Some in the crowd were holding two photographs -- two sons lost.
The gathering in Baghdad's Tahrir Square, was chaotic at times as many wanted their voices to be heard. But some mothers were too distraught to speak and wiped their tears as the 100-strong crowd chanted, "Where are our sons?"
"This is my son ... this is my son ... where is he? ... where is my son?" one old woman screamed, pointing a young man in a picture released last year by ISIS.
It was difficult to speak with family members in Tahrir Square, because so many crowded in around at one time, trying to tell their stories, hoping we could help them get those stories out to the rest of the world and help bring back their sons.
These parents have become known in Iraq as "The Speicher families" -- named after the Iraqi military base where their sons were last summer before ISIS captured them.
As the terror group swept through northern Iraq in June some military units were ordered to Camp Speicher, a fortified base near the city of Tikrit.
The events of June 12 remain a mystery, many questions unanswered about what happened on that day and how hundreds and perhaps more than 1,000 Iraqi soldiers ended up in the hands of ISIS.
Their families claim the men received orders from their commanders to leave the base and move closer to Baghdad. They left unarmed and in civilian clothes, they say.
Military commanders and the Defense Ministry during an hours-long hearing in Parliament denied any such orders being issued and said the men deserted.
ISIS released videos that showed what seemed to be an endless line of military recruits marched at gunpoint and later posted images showing cold-blooded mass murders.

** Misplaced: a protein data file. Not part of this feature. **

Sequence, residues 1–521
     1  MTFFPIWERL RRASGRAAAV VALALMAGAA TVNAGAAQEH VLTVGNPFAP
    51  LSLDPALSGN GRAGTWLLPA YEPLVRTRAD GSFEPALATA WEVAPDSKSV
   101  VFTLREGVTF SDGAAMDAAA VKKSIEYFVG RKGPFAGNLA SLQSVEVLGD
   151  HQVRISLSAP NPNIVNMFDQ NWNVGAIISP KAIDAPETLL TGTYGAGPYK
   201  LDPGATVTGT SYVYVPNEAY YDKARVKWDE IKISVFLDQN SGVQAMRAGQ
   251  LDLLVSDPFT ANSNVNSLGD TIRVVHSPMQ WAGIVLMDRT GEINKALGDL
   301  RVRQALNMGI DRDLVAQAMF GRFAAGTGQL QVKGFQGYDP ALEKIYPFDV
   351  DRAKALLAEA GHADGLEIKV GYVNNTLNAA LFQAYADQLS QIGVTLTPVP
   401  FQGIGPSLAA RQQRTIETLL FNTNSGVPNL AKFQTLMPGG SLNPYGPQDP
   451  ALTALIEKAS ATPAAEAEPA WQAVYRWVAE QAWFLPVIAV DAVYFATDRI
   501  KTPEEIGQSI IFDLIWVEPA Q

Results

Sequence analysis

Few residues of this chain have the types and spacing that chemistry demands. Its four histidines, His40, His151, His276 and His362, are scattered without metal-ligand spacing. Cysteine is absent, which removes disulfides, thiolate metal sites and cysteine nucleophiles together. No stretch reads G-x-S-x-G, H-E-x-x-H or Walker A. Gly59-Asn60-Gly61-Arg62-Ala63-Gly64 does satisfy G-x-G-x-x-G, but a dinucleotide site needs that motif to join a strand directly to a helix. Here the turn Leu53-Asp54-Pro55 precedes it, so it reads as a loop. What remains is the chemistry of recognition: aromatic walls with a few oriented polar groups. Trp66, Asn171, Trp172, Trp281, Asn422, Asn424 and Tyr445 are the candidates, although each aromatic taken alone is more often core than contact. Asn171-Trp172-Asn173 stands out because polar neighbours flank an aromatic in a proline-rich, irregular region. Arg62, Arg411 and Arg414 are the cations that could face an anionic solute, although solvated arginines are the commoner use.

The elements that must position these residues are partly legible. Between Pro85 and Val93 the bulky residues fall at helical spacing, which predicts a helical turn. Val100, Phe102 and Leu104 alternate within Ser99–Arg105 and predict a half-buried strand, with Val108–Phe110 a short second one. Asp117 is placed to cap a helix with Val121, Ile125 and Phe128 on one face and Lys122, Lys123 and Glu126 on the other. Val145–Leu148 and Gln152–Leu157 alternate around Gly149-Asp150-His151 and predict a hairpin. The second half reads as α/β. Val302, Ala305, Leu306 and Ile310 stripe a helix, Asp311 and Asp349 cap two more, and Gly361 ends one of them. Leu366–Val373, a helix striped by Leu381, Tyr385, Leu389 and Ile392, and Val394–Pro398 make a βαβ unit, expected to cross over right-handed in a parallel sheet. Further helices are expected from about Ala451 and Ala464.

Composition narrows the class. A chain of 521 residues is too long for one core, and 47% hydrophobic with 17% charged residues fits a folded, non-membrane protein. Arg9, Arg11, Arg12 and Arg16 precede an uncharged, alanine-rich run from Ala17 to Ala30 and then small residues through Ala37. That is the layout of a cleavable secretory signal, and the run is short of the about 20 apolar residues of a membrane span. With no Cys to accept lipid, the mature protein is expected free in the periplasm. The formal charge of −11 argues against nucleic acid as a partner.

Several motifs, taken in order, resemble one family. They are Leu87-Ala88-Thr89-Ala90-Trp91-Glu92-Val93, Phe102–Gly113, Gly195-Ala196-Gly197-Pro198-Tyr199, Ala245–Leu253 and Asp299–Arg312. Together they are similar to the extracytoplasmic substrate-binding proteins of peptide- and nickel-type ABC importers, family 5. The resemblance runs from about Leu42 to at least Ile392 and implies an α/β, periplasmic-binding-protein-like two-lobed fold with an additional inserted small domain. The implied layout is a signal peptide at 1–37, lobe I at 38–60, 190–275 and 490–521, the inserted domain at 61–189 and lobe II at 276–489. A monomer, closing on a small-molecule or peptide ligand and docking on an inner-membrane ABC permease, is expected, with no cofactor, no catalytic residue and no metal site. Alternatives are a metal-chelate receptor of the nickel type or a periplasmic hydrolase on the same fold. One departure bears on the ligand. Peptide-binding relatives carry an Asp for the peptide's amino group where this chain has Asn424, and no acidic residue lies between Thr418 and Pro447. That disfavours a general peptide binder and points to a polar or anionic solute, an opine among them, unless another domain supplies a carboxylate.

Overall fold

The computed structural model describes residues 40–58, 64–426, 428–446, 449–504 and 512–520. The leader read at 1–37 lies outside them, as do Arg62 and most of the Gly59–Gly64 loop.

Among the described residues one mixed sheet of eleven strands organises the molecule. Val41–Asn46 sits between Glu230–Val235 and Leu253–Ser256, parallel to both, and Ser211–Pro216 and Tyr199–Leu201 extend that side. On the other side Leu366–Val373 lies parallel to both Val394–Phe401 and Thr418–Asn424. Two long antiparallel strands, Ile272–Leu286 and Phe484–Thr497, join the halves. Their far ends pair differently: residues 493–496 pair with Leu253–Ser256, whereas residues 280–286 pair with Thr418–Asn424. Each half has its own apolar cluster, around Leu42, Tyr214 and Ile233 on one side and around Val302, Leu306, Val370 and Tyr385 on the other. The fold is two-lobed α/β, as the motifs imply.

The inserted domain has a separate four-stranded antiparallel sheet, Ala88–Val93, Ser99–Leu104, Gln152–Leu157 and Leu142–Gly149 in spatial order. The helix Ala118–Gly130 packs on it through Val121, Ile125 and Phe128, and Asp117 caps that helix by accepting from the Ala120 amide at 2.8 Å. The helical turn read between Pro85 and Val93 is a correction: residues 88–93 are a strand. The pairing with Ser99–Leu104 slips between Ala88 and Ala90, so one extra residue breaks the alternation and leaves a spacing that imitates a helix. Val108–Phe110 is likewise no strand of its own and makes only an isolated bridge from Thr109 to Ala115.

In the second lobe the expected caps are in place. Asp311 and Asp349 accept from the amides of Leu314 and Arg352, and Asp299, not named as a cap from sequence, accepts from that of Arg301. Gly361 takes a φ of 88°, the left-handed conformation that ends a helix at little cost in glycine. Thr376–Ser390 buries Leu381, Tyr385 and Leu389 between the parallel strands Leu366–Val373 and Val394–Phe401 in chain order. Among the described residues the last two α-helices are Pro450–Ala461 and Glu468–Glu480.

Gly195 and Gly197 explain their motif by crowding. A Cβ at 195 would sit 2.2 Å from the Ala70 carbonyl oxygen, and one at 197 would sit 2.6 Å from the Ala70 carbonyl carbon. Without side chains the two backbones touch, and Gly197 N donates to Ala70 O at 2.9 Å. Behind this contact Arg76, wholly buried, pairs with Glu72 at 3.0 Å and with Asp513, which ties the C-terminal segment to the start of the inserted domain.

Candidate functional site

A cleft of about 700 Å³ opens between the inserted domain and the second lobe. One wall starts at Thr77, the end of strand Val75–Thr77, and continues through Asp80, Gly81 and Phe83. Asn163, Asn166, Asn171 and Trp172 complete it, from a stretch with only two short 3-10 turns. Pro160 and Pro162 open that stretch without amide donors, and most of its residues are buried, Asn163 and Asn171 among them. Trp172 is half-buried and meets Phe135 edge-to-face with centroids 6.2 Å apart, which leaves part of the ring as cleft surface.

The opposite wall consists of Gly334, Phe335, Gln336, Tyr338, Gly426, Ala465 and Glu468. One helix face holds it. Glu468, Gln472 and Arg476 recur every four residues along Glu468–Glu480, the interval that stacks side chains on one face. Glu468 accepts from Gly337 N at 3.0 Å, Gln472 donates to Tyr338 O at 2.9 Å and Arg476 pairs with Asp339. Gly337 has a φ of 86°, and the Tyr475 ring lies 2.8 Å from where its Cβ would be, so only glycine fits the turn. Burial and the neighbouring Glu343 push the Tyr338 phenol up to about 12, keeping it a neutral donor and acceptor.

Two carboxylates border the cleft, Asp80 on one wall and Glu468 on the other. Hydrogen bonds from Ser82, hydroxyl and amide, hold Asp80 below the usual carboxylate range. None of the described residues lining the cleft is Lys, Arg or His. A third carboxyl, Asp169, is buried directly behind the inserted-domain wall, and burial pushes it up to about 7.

The group claimed to have executed 1,700 Shiite soldiers.
Human Rights Watch described the "Speicher Massacre" -- as it has been dubbed in Iraq -- as the "largest reported incident" where "ISIS captured more than 1,000 soldiers fleeing Camp Speicher... then summarily executed at least 800 of them."
Based on Satellite imagery and witness testimony Human Rights Watch late last year was able to identity a number of mass grave sites inside Tikrit and Saddam Hussein's former presidential palace complex in the city.
Up until last month, Tikrit was under ISIS control, but Iraqi forces are now in control of the city
, Prime Minister Haider al-Abadi said Tuesday, following nearly a month of intense battles.
Capturing Tikrit may mean closure for hundreds of "Speicher families" who for nearly a year have been waiting for their sons.
Many have been holding on to the hope that their boys might still be alive and held captive inside Tikrit. Iraqi government officials say they believe the recruits are dead, and they have promised the families a full investigation. But they agree, the answers most likely lie in Tikrit. Families gave DNA samples to the Ministry of Health last year so that authorities will be able to match them to unidentified bodies the government may find, a process that could take a long time one bodies are found.
'I exist between life and death'